Michele Pierro, Lou Pierro's sister, who acknowledged her kinship to the applicant, claimed the project was "really done thinking about what would be best for the community." She talked about the Hudson City School District having trouble recruiting people to teach in Hudson because prospective teachers couldn't find a place to live. She asserted that this project was "giving young professionals a place to live."

All the public comments made about the proposed project can be heard here, beginning at 1:13:12.  

The drama surrounding this proposal, which the Planning Board has dubbed "the Boulevards," demonstrates how relationships can change in a small city. In November 2019, the Planning Board denied site plan approval to Cappy Pierro's plan to create a self storage facility on a portion of the land now the site of the proposed apartment building. 

At that time, Walter Chatham was the chair of the Planning Board. Pierro reacted to being denied site plan approval by telling Chatham, with some hostility, "You're gonna be gone in sixty-two days," intimating that he had some inside knowledge about the intentions of then mayor-elect Kamal Johnson. (Appointing the chairs of the Planning Board and the Zoning Board of Appeals is one of the mayor's duties.) Today, in this plan for the same location, in which Pierro seems to have some interest, Walter Chatham is the architect designing the building.



  1. Hudson seems to be a target for apartment building developers these days. It's the tip of an iceberg. What's wrong with building another house? Not enough profit? There should be a moratorium on any new apartment buildings.

    1. While many of us would like to keep Hudson at the current density, the economic and political realities are that as long as housing costs are realitively high (a nationwide issue), there will be a push to increase multifamily units. So instead of dreaming about a moratorium, we should work together and encourage smart development. This project seems like a fine proposal. I would much rather have modest and modern market rate apartments for working people and young professionals than doubling the Bliss housing projects, or subsidized (via PILOTS) faux luxury for Galvan. Cappy is right, they are doing this on their own, will pay their fair share in property taxes, and in a part of town zoned for multi-family. Single family zoning has been getting a lot of the blame for housing issues, let's build up where it makes sense, because you won't like the other options.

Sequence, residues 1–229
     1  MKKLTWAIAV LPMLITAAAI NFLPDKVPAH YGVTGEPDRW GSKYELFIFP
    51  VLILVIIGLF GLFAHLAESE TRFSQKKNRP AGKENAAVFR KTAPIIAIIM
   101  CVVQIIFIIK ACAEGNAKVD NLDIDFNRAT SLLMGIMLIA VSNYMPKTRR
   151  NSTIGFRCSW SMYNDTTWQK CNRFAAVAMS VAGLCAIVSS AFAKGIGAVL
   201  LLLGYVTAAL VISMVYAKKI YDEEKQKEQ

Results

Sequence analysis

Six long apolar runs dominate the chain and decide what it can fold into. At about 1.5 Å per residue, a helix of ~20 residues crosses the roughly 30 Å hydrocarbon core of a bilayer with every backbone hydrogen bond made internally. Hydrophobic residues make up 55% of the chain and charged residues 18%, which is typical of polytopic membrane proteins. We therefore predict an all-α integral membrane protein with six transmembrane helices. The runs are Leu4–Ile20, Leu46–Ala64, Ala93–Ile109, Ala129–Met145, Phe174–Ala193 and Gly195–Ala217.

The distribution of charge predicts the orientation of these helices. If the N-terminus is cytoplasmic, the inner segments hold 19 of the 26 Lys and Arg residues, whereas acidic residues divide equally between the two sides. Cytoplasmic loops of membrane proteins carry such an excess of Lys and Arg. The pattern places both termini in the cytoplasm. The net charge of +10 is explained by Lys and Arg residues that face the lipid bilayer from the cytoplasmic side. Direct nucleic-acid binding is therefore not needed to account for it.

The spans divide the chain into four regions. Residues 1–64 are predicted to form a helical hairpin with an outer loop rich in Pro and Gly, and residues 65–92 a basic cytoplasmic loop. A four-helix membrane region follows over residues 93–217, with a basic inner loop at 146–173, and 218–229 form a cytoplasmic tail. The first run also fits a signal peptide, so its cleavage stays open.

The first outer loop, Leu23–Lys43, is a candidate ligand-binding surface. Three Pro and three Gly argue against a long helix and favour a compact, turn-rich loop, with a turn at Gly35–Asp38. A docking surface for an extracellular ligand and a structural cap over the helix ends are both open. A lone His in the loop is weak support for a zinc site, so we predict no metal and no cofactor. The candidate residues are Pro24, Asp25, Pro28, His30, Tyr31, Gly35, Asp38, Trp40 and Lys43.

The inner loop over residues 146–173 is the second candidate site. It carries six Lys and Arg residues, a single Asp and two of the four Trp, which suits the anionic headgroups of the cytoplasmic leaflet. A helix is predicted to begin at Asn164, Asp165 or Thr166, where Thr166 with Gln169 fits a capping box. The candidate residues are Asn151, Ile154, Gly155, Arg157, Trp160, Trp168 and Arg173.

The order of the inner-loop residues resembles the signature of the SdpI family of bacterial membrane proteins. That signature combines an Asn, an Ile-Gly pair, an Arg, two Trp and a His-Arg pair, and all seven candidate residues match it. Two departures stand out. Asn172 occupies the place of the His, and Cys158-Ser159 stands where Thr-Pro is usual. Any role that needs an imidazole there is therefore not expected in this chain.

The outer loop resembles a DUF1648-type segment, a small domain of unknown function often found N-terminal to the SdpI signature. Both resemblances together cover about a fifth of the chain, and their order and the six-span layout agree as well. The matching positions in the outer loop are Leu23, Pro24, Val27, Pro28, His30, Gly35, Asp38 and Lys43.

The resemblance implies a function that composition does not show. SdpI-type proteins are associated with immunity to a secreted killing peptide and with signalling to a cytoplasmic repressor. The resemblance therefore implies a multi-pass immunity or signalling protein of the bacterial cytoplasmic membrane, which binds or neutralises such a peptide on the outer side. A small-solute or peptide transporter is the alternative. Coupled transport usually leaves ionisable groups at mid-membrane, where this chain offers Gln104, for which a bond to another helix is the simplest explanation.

2. I wanted to say, I agree with Union Jack above and find the vitriolic response to this project upsetting.
      This is a modest, appropriately-scaled, as-of-right residential development, not requesting a PILOT or other city concession to my knowledge. It's exactly the type of project we should be encouraging in Hudson.
      Based on a quick search of Gossips, seeing some early massing models... it's not God's gift to architecture but the overall mass would frankly improve the otherwise abysmal traffic sewer that is Fairview Ave / Route 9. This building would not feel that different from the 2-story apartment houses, on steep front yards, at the base of Fairview & Green St.
      Hudson is so small and these 30 new apartments are needed if we hope to make any progress toward a more affordable, diverse future for Hudson.